Physics Asked on January 6, 2021

Here $phi_I$ is just the free Klein-Gordon field. So, this field is decomposed of two components shown above. Now let $N$ be the normal ordering operator. Then, I think that $N(phi_I^+(x)phi_I^-(y))=N(phi_I^-(y)phi_I^+(x))=phi_I^-(y)phi_I^+(x)$. Is this true? If so, then $N([phi_I^+(x), phi_I^-(y)])=0$ must hold. Is this right?

*!!!Addtional question!!!*

This is page 89 of Peskin and Schroeder’s QFT book. First, from the definition (4.35) and my original question, $N(text{contraction of}; phi(x); text{and} ; phi(y))$ must be zero. However, from (4.36) and the definition of the Feynman propagator (which seems to contain no operators $a_textbf{p}$, $N(text{contraction of}; phi(x); text{and} ; phi(y))=N(D_F(x-y))=D_F(x-y)$. So I am extremely confused… Also, (4.37) equation seems to be wrong. The right side seems to be just equal to $N(phi(x)phi(y))$ and it does not match with the left side. For the last, what exactly is the definition of the contraction of non-adjacent fields? For example what exactly is $phi_1phi_2phi_3phi_4$ with $phi_1$ and $phi_3$ contracted? I mean the thing inside $N$ of the left side of the last line of the picture I posted.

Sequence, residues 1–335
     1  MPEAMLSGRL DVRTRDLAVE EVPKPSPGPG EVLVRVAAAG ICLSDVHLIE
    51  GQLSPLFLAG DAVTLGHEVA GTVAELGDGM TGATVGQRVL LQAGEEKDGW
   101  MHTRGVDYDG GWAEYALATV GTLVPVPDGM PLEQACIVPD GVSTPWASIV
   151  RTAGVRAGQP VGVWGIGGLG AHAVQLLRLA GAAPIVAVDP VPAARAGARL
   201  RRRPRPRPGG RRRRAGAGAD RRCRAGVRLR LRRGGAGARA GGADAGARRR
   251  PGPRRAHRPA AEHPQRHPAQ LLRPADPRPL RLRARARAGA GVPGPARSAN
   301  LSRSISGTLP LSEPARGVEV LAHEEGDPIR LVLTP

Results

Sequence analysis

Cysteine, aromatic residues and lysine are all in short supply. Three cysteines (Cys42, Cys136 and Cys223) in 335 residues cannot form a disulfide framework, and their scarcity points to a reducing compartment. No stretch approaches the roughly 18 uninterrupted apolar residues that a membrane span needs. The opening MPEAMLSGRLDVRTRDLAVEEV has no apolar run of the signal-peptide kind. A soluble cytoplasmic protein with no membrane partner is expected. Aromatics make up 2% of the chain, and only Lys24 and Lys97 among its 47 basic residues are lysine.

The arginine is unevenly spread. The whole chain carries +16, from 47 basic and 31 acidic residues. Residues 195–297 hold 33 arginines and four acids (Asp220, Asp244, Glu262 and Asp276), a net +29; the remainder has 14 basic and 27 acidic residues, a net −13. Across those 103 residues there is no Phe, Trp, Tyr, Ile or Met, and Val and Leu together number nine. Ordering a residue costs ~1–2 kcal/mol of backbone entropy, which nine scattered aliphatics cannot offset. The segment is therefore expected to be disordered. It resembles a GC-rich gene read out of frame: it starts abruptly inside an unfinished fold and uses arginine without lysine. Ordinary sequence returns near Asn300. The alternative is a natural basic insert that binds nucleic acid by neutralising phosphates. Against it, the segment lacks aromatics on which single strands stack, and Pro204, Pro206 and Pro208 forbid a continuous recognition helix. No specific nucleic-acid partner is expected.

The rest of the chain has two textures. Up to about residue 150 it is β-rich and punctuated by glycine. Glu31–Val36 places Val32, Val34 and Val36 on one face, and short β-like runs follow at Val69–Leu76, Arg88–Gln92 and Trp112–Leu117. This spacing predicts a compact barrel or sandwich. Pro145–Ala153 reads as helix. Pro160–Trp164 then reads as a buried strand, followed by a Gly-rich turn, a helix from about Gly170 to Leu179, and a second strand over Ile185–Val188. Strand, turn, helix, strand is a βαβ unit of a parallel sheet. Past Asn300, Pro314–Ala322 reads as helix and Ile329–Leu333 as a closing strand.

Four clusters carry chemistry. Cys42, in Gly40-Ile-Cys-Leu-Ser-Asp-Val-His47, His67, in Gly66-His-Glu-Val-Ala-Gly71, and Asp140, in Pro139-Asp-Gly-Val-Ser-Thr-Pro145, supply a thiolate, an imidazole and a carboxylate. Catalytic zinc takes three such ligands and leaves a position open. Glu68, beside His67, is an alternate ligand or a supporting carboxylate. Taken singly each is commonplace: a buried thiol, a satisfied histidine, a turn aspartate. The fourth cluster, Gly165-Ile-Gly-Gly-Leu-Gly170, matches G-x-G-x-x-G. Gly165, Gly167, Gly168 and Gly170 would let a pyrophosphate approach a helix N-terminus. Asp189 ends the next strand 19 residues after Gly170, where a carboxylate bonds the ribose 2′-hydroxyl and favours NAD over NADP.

Normal-ordering of the identity operator is zero, i.e. $$ N(I) = 0. $$ The idea of normal-ordering is introduced so that a normal-ordered operator has vanishing vacuum expectation value $$ langle 0| N({cal O}) |0 rangle = 0 qquad qquad (1) $$ The way this is done is follows. Let ${cal O}(x)$ be an operator with $langle 0| {cal O}(x) |0 rangle = aneq0$.

Then, define the normal ordering of the operator by $$ N({cal O}(x)) = {cal O}(x) - a I $$ Then, by construction (1) is true. The following are now exercises left to the reader -

Convince yourself that this definition is in fact the same as the one defined in Peskin and Schroeder, which defines the operation in terms of creation and annihilation operators. It asks us to move all annihilation operators to the right and all creation operators to the left. That is the same as the procedure above.

By the above definition $N(I) = 0$.

Answered by Prahar on January 6, 2021

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